The Cochrane Tobacco Addiction Group receives funding from the NIHR.

Bibliography

NICE quality standard. Smoking: reducing and preventing tobacco use. QS82. London: National Institute for Health and Care Excellence; 2015.

WHO. WHO Framework Convention on Tobacco Control. Geneva: World Health Organization; 2005.

Legislative smoking bans for reducing harms from secondhand smoke exposure, smoking prevalence and tobacco consumption

Published on 4 February 2016

Kate Frazer, Joanne Callinan, Jack McHugh, Susan van Baarsel, Anna Clarke, Kirsten Doherty, Cecily Kelleher

Cochrane Library , 2016

Background Smoking bans have been implemented in a variety of settings, as well as being part of policy in many jurisdictions to protect the public and employees from the harmful effects of secondhand smoke (SHS). They also offer the potential to influence social norms and the smoking behaviour of those populations they affect. Since the first version of this review in 2010, more countries have introduced national smoking legislation banning indoor smoking. Objectives To assess the effects of legislative smoking bans on (1) morbidity and mortality from exposure to secondhand smoke, and (2) smoking prevalence and tobacco consumption. Search methods We searched the Cochrane Tobacco Addiction Group Specialised Register, MEDLINE, EMBASE, PsycINFO, CINAHL and reference lists of included studies. We also checked websites of various organisations. Date of most recent search; February 2015. Selection criteria We considered studies that reported legislative smoking bans affecting populations. The minimum standard was having an indoor smoking ban explicitly in the study and a minimum of six months follow-up for measures of smoking behaviour. Our search included a broad range of research designs including: randomized controlled trials, quasi-experimental studies (i.e. non-randomized controlled studies), controlled before-and-after studies, interrupted time series as defined by the Cochrane Effective Practice and Organisation of Care Group, and uncontrolled pre- and post-ban data. Data collection and analysis One author extracted characteristics and content of the interventions, participants, outcomes and methods of the included studies and a second author checked the details. We extracted health and smoking behaviour outcomes. We did not attempt a meta-analysis due to the heterogeneity in design and content of the studies included. We evaluated the studies using qualitative narrative synthesis. Main results There are 77 studies included in this updated review. We retained 12 studies from the original review and identified 65 new studies. Evidence from 21 countries is provided in this update, an increase of eight countries from the original review. The nature of the intervention precludes randomized controlled trials. Thirty-six studies used an interrupted time series study design, 23 studies use a controlled before-and-after design and 18 studies are before-and-after studies with no control group; six of these studies use a cohort design. Seventy-two studies reported health outcomes, including cardiovascular (44), respiratory (21), and perinatal outcomes (7). Eleven studies reported national mortality rates for smoking-related diseases. A number of the studies report multiple health outcomes. There is consistent evidence of a positive impact of national smoking bans on improving cardiovascular health outcomes, and reducing mortality for associated smoking-related illnesses. Effects on respiratory and perinatal health were less consistent. We found 24 studies evaluating the impact of national smoke-free legislation on smoking behaviour. Evidence of an impact of legislative bans on smoking prevalence and tobacco consumption is inconsistent, with some studies not detecting additional long-term change in existing trends in prevalence. Authors' conclusions Since the first version of this review was published, the current evidence provides more robust support for the previous conclusions that the introduction of a legislative smoking ban does lead to improved health outcomes through reduction in SHS for countries and their populations. The clearest evidence is observed in reduced admissions for acute coronary syndrome. There is evidence of reduced mortality from smoking-related illnesses at a national level. There is inconsistent evidence of an impact on respiratory and perinatal health outcomes, and on smoking prevalence and tobacco consumption.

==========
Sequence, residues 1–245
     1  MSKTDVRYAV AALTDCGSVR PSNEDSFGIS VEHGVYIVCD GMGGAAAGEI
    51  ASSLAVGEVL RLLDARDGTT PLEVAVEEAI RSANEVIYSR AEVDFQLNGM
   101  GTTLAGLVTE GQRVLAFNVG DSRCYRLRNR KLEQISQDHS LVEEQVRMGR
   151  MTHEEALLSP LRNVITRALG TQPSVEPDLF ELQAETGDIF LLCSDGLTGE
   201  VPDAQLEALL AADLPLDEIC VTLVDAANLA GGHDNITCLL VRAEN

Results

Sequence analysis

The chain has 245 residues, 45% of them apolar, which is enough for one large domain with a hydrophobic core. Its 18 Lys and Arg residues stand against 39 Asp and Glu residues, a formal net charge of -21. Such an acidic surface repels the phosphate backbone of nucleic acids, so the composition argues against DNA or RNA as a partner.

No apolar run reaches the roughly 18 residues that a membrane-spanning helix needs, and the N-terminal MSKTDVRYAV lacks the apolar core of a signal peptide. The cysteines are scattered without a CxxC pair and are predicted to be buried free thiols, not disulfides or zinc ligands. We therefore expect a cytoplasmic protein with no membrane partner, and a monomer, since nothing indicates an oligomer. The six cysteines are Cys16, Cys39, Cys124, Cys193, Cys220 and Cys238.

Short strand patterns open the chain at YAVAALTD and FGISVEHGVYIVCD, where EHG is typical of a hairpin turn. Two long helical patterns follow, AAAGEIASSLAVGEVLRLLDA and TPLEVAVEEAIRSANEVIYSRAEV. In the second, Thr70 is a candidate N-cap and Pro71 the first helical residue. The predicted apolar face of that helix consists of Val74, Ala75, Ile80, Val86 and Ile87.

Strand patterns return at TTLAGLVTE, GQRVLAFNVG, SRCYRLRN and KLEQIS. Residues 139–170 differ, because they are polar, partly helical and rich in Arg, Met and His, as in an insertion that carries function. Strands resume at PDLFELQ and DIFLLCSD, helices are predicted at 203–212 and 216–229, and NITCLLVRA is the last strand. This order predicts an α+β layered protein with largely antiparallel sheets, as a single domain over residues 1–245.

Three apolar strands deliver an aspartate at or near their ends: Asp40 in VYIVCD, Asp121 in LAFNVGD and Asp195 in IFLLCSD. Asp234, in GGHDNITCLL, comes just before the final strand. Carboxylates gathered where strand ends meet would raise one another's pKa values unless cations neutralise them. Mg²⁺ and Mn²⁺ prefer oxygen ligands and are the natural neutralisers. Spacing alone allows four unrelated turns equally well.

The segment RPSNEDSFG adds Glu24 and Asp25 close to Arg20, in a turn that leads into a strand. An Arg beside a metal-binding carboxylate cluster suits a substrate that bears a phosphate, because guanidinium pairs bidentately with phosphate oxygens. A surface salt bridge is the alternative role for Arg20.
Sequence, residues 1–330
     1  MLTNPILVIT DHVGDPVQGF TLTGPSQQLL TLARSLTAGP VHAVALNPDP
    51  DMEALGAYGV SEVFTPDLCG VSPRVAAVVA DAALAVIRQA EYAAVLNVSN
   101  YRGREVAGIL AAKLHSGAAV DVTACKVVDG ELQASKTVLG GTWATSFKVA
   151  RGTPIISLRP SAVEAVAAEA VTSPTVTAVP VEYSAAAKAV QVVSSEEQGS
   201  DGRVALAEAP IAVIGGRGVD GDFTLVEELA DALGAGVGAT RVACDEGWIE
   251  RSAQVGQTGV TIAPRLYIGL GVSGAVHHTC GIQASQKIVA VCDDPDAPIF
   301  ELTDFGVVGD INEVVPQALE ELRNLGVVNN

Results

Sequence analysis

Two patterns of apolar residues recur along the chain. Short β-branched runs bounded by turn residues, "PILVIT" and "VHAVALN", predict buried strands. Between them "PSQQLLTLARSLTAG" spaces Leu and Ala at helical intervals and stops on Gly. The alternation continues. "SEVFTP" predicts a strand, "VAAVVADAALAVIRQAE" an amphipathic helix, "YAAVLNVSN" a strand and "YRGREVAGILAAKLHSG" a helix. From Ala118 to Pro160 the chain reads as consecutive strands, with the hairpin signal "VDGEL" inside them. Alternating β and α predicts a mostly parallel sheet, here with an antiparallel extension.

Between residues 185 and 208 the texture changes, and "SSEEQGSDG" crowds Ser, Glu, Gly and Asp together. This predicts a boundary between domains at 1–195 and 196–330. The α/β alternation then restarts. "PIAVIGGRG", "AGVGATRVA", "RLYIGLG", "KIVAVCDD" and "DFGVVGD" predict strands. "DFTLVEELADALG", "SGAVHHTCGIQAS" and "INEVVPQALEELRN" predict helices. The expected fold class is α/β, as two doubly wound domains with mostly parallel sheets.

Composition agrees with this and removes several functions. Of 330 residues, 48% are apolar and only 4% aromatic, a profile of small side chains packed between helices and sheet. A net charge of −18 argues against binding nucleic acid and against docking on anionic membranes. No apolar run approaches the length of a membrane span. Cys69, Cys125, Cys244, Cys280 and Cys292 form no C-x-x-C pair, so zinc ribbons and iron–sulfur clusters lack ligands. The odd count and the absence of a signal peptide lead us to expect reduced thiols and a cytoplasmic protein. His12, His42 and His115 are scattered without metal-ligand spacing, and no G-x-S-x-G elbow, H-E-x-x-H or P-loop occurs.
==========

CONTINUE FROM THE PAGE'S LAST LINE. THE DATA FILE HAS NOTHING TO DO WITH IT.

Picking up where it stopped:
A comprehensive smoking ban was considered legislation that prohibited smoking indoors including in bars and restaurants.

A partial smoking ban was considered legislation that allowed smoking in designated rooms or areas.

Expert commentary

Tobacco poses one of the greatest threats to the health and wellbeing of UK residents, and remains a big priority area in Southampton, where tobacco related mortality and morbidity is a huge problem. This useful review draws from a range of diverse study designs and explores how smoking legislation has impacted on different countries. The positive impact on cardiovascular outcome contrasts with a lack of measurable benefits on respiratory and perinatal outcomes. Is this a result of limitations in study design and outcome measurement, or perhaps variations in the way legislation is enacted and enforced by different countries? This useful review provides us with promising evidence to support the continued promotion and expansion of smoke free settings.

Dr Bob Coates, Consultant in Public Health, Southampton City Council

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  •   Cardiovascular system disorders, Public Health